Monthly Archives: December 2010

Contemplating 2010 & Looking Ahead

It’s December 31st, so it must be time to recap the year that was. There is no Top 10 list, there is no best of this or best of that. I just wanted to share a few thoughts with you. They are subtle reminders that we need to keep life simple (and what’s more simple in life than skipping a rock), explore what’s out there and enjoy what life has to offer.

I hope you enjoy this, there will be food and recipes, but there will also be some pictures of some wonderful moments this year offered me and a little reflection throughout since I’ve been doing that a lot this year.


From a blogging perspective, let’s just say I’m learning  each and every day. I used to take a picture without putting much thought into it, because I figured the story behind the post was the key, but in looking at other incredible blogs, I can see I was mistaken. All of the pieces are as important as one another. The parts really do make the whole in this case.

I’d like to highlight one specific moment of the blog as it will be one of my promises for 2011. Early in 2010, I responded to a simple little tweet from Joy The Baker (p.s. If you don’t know her, you should. Think the most awesome cookie ever and then it turns into human form and that’s her). She had asked if anyone out there had a new blog and if so, send over their URL to her. Without thinking much of it, I did and then boom! I woke up the next morning to see my stats climb and climb and climb because of this post of hers. Thankfully, my post at the time was this really fun 5 Minute Chocolate Cake using the microwave, which was a fun post for people to read, but could my pictures have been any worse!? I was refreshing the page every 30 minutes in shock as it climbed all the way to 1500 in that one magical day! Sadly, I haven’t seen that number again, but it sits there every day as a reminder of the power of the internet and one incredibly generous and talented baking blogger gal! By the way, you’ll be seeing her on the Food Network one day, I am as sure of that as the day is long.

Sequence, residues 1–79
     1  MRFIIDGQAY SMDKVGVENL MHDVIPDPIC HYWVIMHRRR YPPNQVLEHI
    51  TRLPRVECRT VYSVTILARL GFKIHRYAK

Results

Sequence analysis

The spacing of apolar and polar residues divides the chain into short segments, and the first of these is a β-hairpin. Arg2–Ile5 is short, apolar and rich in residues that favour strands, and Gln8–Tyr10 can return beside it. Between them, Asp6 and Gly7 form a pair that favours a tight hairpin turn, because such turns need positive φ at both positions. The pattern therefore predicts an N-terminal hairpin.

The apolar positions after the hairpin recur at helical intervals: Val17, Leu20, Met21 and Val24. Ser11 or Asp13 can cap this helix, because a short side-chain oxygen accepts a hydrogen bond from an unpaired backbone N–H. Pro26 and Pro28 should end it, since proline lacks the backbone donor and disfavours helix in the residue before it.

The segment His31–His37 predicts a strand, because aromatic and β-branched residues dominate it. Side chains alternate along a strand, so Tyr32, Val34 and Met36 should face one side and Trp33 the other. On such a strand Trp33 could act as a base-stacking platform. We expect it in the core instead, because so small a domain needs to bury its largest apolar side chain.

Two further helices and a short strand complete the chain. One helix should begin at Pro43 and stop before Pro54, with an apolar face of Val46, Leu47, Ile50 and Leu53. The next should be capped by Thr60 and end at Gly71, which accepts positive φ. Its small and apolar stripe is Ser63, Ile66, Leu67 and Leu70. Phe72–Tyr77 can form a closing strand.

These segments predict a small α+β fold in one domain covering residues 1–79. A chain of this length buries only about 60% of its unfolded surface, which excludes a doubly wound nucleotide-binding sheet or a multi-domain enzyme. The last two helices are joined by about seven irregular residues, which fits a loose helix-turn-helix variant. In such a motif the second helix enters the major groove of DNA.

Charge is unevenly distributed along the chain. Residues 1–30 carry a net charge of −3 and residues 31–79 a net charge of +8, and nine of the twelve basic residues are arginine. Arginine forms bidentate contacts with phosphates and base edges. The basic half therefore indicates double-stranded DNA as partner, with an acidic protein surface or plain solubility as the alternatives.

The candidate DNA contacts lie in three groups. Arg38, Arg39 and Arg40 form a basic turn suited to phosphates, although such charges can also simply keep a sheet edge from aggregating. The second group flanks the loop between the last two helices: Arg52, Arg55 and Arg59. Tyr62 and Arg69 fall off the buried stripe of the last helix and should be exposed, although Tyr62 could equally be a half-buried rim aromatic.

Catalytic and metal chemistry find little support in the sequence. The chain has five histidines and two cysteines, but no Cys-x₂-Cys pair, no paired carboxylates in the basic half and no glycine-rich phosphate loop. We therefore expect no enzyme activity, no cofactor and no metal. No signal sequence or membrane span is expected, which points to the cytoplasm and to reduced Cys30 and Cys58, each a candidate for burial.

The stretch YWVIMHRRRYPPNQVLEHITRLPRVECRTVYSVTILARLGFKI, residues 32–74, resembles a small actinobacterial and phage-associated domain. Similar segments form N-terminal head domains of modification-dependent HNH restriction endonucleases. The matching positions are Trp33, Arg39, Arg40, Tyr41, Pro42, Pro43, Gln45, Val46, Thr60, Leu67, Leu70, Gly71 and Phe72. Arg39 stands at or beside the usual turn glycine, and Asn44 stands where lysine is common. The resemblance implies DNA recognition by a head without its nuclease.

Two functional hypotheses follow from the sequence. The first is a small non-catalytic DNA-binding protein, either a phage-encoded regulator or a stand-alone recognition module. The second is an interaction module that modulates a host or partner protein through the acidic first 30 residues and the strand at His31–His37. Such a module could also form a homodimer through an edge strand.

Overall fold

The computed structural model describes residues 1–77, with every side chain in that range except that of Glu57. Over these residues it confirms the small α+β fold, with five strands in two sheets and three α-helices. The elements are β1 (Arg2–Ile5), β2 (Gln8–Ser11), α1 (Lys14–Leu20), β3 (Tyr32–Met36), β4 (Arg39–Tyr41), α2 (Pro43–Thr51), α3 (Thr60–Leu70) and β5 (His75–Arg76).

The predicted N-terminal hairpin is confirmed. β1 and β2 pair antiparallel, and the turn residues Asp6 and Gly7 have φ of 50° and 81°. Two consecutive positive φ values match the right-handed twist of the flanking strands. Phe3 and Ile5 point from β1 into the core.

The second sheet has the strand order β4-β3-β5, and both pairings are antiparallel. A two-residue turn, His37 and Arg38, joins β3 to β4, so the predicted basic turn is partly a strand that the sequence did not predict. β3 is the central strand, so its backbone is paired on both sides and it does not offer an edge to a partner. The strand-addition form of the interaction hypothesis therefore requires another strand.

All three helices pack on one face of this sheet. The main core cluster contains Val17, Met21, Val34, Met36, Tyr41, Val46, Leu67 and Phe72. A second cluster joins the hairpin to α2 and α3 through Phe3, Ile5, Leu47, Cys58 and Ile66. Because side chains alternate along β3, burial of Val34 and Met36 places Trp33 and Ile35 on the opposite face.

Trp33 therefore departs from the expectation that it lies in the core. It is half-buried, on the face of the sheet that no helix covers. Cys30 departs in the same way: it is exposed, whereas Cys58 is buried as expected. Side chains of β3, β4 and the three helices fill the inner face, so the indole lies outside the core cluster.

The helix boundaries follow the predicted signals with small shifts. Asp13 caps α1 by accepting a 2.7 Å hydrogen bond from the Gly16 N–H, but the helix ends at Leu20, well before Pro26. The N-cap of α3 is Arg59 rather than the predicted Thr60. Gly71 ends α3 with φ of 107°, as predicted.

And yes, my promise is that I will do the same as Joy and introduce great blogs throughout the year that could use another friend or two. And well, I can’t promise a spike of 1500 hits in a day, I do have big dreams for this blog, so you never know!


In a weird and ironic twist of fate, I began 2010 with a job that made me the envy of many, yet as of this writing, I don’t have a job. This once-in-a-lifetime job was with the Olympics, specifically a one year contract job in Vancouver being part of the Organizing Committee for the 2010 Vancouver Winter Olympics. That job, not surprisingly ended when the Paralympics ended in March and I have been without a job since, part my choice, part well, umm not my choice.

I’d like to say I was out every night on Robson Street partying in the balmy winter conditions, but unfortunately, I was not. I managed the staff and operations of the Men’s Ice Hockey Training Venue, which meant, I was there at 6am until 12am for about 21 straight days. Don’t worry, I’m not looking for pity or an “aww” moment. I ran on pure adrenaline and it was a wonderful experience, one that I’m glad I chose to do, even if that meant quitting a full-time job, leaving amazing friends behind and moving across Canada for the uncertainty of a job with a definitive end date.

I look back and think, had I not taken a leap, I would have missed out on meeting the amazing people that I had the opportunity to meet and work with and I never would have had the chance to…

Paint the red line of an Olympic hockey rink.

Or be the first person to skate on a brand new fresh sheet of ice. Not a single skate had ever touched the surface until I dug in and then posed for the customary photo.

Or umm, I don’t know, witness the Gold Medal Hockey game. While people went nuts after Sidney Crosby scored the Gold medal winning goal, I had only one shot at taking the “in the moment” picture. Possibly the best picture I’ve ever taken, note the puck in the net, yet the score still shows 2-2. The team is flooding the ice, while Crosby and his stick are in mid-air, he’s mid-air!


I love Seinfeld, I quote it ad nauseam since I always find it relevant. You may have heard the reference to “Summer of George”, well since the Olympics ended, it’s been the “Spring, Summer, Fall and Winter of Ethan” or let’s just call it the “Four Seasons of Ethan”. Through some good savings and foresight, I envisioned not working right away and thought I could indulge myself with some travelling.